Dorothy begins her piece by categorizing the different archetypes of IS strategies, providing clear definitions of each style and the effects that each of these different styles has on organizational performance. Her breakdown of the IS innovator strategy, the IS conservative strategy, and the IS undefined strategy represent a good basis for evaluating the survey results, particularly as they pertain to the impact and ultimate effectiveness of each of these strategies. Moving on to the different characteristics of IS strategy, discussing planning processes in terms of strategy types, Dorothy gives a clear overview and interpretation of the reasons behind the responses. She concludes with some important takeaways as well as suggestions and recommendations that are immediately usable.
Presented in a very approachable Q&A style, Bob's article is not limited by the survey results. While he does a good job of commenting on them, Bob also brings to bear results from other Cutter surveys he has been involved in. His piece is peppered with a host of insightful observations, providing us with an overview of the core issues and sticking points that surround strategic IT planning and the planning process. Of particular relevance is Bob's discussion of whether IT -- and, in particular, strategic IT planning -- delivers value in the eyes of current IT and business professionals. This analysis leads to some tangible guidelines and implementable ideas. As you consider the value of strategic planning within the IT shop at your organization, you will find Bob's honest and no-nonsense observations instrumental to further your own thinking.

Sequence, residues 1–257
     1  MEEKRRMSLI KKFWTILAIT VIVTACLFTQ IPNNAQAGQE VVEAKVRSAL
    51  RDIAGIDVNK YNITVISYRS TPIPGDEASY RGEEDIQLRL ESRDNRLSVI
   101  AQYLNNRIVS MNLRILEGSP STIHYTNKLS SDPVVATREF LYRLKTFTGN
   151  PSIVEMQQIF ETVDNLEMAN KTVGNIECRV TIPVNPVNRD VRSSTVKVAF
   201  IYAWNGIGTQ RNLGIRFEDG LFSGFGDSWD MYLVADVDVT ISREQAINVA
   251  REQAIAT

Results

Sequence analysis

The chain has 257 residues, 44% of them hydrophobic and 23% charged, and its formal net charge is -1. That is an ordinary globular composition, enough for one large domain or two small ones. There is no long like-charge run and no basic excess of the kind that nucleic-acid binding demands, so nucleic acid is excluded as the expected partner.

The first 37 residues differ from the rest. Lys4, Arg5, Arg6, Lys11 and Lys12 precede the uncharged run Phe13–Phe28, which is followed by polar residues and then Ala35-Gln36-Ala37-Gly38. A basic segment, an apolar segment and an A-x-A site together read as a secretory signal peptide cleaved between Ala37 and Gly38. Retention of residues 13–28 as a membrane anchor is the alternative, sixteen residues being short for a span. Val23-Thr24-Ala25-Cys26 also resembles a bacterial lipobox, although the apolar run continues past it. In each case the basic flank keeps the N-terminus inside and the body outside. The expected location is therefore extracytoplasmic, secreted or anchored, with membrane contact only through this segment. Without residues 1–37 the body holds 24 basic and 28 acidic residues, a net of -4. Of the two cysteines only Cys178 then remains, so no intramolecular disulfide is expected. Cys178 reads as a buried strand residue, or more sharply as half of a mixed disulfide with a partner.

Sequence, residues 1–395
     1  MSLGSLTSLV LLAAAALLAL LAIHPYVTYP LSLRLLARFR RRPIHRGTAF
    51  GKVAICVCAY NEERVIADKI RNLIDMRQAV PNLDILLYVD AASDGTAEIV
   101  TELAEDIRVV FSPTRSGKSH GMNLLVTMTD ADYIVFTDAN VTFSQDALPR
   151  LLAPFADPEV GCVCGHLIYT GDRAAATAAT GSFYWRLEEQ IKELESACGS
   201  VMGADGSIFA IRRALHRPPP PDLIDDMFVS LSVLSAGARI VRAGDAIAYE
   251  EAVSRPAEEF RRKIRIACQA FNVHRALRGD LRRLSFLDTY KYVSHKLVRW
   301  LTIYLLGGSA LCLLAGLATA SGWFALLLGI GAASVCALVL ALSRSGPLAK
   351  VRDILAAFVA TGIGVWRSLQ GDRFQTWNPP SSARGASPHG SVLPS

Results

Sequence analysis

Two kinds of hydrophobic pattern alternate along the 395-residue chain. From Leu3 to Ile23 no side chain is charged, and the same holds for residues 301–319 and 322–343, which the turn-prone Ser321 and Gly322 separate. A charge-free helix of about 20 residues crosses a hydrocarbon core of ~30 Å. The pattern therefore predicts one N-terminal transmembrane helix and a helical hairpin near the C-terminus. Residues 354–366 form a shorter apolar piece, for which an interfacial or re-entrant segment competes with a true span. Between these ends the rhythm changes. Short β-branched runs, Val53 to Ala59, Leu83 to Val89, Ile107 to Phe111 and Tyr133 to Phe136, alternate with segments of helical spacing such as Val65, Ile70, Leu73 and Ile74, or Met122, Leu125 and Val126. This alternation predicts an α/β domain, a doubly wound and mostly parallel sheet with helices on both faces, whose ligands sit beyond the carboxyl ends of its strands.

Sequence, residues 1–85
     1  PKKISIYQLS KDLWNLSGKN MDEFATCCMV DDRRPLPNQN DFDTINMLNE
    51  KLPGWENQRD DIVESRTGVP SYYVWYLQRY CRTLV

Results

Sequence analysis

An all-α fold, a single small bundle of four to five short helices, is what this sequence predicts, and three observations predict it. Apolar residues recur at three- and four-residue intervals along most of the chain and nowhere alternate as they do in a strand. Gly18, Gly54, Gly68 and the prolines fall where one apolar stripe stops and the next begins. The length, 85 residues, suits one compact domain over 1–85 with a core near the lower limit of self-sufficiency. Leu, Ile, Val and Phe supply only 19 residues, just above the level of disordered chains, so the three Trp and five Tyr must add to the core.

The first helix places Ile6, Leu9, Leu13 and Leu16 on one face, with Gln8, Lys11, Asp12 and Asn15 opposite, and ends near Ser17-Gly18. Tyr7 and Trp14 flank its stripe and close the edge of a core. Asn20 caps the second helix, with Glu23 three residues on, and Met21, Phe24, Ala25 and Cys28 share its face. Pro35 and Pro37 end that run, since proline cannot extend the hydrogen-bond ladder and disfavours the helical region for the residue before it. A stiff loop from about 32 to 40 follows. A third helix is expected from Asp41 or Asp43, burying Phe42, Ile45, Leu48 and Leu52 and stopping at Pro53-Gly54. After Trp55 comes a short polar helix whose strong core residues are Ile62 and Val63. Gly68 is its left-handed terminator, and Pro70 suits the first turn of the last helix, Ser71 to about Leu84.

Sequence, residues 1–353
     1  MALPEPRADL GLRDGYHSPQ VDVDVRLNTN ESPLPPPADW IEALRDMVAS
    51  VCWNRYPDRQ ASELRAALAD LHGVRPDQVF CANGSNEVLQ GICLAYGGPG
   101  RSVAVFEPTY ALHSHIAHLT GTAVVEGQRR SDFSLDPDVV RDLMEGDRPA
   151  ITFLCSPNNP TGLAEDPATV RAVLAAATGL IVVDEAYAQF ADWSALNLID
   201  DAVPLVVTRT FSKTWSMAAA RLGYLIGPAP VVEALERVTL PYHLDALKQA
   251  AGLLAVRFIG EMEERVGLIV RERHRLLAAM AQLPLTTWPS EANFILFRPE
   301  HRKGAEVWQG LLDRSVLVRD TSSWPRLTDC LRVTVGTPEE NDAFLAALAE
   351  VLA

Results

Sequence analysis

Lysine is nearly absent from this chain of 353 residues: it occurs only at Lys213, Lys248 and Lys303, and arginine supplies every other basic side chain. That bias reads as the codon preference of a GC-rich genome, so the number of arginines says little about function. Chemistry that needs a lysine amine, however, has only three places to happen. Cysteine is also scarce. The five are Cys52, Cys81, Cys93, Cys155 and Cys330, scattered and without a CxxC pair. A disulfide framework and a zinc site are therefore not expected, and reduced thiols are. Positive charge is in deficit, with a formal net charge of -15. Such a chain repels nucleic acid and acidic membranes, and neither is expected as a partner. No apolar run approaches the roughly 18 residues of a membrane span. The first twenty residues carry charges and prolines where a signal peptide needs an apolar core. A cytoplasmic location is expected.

Writing an issue about a staple topic for the profession is always a task that we approach with a bit of apprehension. How revolutionarily insightful can you be, after all? Well, while I doubt you will find this issue of CBR revolutionizes your thinking, I believe that the blend of confirmatory evidence for what we know and the novel insight of our authors will prove stimulating for you ... and that, for us, is success.
In this issue of CBR, we set out to examine the ways in which strategic IT planning influences the value that IT delivers to the organization, as well as the degree to which the planning process is perceived to affect organizational outcomes and results. With this focus, we can both benchmark the planning process itself and, at the same time, tackle the question of its relationship to IT value. Given the current and ongoing economic struggles facing businesses both large and small around the world, this seemed like an excellent time to discuss the value of strategic IT planning.